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Where Do Medically Supervised Low-Calorie Diets Fit In?



Low calorie diets, usually consisting of a variable period of formula diets, followed by variable periods and intensities of follow-up, have been around for decades.

While there is little doubt that such diets can help patients lose large amounts of weight in a short period of time (rivalling or even exceeding what is seen with bariatric surgery), the large-scale feasibility and durability of this intervention remains controversial.

A study that speaks both to the feasibility and efficacy, at least over a 1-3 year period, is now published by Stephan Bischoff (University of Hohenheim, Stuttgart, Germany) and colleagues in the latest issue of the International Journal of Obesity.

In this paper, Bischoff and colleagues describe the outcomes of a prospective longitudinal observational study of Prospective multicenter observational study in over 8,000 obese individuals (mean BMI 43.0) undergoing a medically supervised 52-week treatment in 37 centres across Germany (a small subset of patients was followed for up to 3 years).

The program consisted of 5 treatment phases:

Phase 1: a 1-weekintroduction time to check inclusion and exclusion criteria;

Phase 2: a 12-week-period of low-calorie diet (LCD; 800 kcal per day) during which participants consume formula diet exclusively (daily consumption of five packets of 160 kcal meal replacement products dissolved in 300 ml water each; Optifast 800 formula, Nestle´ Inc.), accompanied by 12 medical examinations, 12 exercise units, two behavior therapy lessons and two nutrition counselling sessions;

Phase 3: a 6-week-refeeding phase, during which solid food is reintroduced and formula diet is stepwise replaced by normal diet without change of total energy intake, accompanied by six medical examinations, six exercise units, two behaviour therapy lessons and six nutrition counselling session;

Phase 4: a 7-week stabilization phase in which energy intake is stepwise, enhanced to an individual level that allows weight stabilization, accompanied by three medical examinations, four exercise units, four behavior therapy lessons and three nutrition counselling session;

Phase 5: a 26-week-maintenance phase in which nutritional education and behavior modification is intensified to learn coping strategies and to achieve longterm weight control, accompanied by six medical examinations, 13 exercise units, 22 behavior therapy lessons and five nutrition counselling session.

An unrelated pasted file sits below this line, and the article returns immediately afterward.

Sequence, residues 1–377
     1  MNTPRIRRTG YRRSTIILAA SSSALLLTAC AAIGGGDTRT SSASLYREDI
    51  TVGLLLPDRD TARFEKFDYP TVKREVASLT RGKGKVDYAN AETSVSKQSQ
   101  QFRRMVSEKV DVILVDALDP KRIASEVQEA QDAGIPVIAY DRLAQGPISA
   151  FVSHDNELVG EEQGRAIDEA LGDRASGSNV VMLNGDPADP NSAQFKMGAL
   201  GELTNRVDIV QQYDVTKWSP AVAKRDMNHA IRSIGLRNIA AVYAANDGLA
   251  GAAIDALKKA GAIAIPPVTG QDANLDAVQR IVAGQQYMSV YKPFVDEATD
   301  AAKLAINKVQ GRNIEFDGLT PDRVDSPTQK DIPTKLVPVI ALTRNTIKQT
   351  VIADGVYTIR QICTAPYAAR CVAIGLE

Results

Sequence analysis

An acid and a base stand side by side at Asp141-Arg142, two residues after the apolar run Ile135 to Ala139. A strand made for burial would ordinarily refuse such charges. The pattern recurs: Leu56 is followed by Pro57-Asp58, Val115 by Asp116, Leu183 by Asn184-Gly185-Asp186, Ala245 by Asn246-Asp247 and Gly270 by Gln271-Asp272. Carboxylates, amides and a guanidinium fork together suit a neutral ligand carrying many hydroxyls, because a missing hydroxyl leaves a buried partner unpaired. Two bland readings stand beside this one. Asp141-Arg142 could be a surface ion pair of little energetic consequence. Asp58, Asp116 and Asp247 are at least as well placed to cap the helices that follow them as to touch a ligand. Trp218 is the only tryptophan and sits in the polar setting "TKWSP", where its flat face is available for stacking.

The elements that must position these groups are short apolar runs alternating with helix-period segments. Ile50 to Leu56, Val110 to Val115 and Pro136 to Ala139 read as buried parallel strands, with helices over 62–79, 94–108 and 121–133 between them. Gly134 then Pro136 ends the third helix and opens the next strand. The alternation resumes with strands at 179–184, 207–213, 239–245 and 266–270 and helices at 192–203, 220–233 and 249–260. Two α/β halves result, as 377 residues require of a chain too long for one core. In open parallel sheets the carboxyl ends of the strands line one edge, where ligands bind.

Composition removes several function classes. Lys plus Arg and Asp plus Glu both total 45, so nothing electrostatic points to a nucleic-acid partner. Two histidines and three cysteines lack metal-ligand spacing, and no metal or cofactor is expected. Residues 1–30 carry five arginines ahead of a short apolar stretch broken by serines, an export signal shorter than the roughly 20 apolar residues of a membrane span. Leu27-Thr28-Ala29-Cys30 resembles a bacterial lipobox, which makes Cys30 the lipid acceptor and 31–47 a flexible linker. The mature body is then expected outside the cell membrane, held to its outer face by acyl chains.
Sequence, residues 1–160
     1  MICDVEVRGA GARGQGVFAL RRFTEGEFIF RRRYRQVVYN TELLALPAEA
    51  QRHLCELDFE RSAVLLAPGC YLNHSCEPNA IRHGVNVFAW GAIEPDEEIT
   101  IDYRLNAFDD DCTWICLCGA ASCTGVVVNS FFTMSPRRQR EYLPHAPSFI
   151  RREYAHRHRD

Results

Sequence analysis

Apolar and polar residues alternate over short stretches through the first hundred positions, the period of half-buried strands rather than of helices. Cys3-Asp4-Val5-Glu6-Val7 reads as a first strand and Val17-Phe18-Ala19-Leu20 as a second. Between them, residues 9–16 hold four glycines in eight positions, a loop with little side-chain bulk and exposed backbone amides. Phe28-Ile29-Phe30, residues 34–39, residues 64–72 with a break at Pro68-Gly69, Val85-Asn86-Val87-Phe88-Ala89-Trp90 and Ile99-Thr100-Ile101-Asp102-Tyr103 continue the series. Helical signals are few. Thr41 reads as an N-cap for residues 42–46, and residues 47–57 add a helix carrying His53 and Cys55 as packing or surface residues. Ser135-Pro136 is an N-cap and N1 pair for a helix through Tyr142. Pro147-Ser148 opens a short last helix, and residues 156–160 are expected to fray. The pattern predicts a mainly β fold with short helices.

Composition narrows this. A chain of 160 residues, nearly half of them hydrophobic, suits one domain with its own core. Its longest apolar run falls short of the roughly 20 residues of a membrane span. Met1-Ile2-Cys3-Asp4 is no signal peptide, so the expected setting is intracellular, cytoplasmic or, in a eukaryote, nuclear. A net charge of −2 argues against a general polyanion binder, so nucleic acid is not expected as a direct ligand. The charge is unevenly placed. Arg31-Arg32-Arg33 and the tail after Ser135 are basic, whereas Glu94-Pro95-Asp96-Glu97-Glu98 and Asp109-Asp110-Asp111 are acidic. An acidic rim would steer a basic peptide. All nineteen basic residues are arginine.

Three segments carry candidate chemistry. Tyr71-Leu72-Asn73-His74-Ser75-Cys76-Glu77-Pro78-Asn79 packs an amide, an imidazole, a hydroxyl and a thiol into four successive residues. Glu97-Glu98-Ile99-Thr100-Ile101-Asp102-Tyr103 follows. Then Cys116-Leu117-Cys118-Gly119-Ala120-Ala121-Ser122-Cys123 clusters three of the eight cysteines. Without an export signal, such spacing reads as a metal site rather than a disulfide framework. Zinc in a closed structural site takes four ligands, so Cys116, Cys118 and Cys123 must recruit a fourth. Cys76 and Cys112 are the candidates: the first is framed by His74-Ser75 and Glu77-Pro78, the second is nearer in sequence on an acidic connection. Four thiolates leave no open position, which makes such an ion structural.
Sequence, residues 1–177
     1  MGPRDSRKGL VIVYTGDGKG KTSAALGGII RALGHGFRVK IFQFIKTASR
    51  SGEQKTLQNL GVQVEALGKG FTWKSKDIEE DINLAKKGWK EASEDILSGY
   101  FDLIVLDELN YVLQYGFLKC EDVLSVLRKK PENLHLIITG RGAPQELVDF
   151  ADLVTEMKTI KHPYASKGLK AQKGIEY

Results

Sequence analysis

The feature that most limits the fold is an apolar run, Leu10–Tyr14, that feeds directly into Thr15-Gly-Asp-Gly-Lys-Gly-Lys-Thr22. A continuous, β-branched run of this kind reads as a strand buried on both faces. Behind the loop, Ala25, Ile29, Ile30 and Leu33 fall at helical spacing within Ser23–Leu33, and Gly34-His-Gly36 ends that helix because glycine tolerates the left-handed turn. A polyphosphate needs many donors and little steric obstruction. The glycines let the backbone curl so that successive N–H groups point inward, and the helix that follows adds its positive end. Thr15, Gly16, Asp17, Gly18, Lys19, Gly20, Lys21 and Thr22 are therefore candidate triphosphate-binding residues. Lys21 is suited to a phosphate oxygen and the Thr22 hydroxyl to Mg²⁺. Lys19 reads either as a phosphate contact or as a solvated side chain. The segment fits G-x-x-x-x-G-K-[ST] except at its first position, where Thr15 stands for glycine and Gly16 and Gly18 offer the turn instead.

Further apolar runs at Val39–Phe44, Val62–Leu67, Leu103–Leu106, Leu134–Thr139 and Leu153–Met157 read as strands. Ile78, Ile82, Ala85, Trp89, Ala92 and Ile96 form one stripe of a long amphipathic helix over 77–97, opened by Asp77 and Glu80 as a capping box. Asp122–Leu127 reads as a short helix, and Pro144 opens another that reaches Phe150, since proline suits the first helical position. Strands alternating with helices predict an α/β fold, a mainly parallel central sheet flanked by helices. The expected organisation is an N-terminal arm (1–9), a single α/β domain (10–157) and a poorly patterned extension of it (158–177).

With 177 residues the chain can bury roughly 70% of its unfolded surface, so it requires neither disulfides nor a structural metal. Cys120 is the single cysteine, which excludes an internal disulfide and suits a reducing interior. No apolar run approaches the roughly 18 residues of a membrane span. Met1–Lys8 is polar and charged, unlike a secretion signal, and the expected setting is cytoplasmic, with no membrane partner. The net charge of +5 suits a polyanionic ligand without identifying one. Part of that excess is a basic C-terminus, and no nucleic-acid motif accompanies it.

Of the over 8,000 patients, who started the program, over 3,000 (or about 42%) discontinued the treatment.

Given this rather high discontinuation rate, the stated reasons for discontinuation are of interest: personal reasons (6.9%), no further appearance (6.5%), job related reasons (5.1%), disease/medical reasons (3.6%), financial reasons (3.4%), feeling of sufficient success (2.2%), familiar reasons (2.0%), mental/psychological reasons (1.5%), exclusion by the program team (1.4%), weight regain (1.0%), product dissatisfaction (0.6%) or pregnancy (0.4%). In about 1/6 of cases, the reason was unknown (7.2%).

Nevertheless, even with this relatively large number of discontinuations, the ‘intention-to-treat’ (ITT) results were impressive: At week 52, average weight loss was around 15 Kg in women and about 19 Kg in men. The prevalence of metabolic syndrome decreased by 50%. There were also remarkable improvements in quality of life and several other measures of health and functioning.

Overall the treatment was well tolerated with the most common ‘side effects’ being constipation, hair loss, and gall bladder problems (all known to be complication of significant weight loss).

So where do LCD interventions fit in?

The authors themselves are careful in pointing out that data on the long-term efficacy of such interventions are sketchy. Although there have been some reports that even several years after such an intervention, the average weight loss is still about 5% below the initial weight of the group, individuals weight trajectories appear highly variable. While some patients manage to keep much of the weight off, others will regain the weight within months of completing the intervention.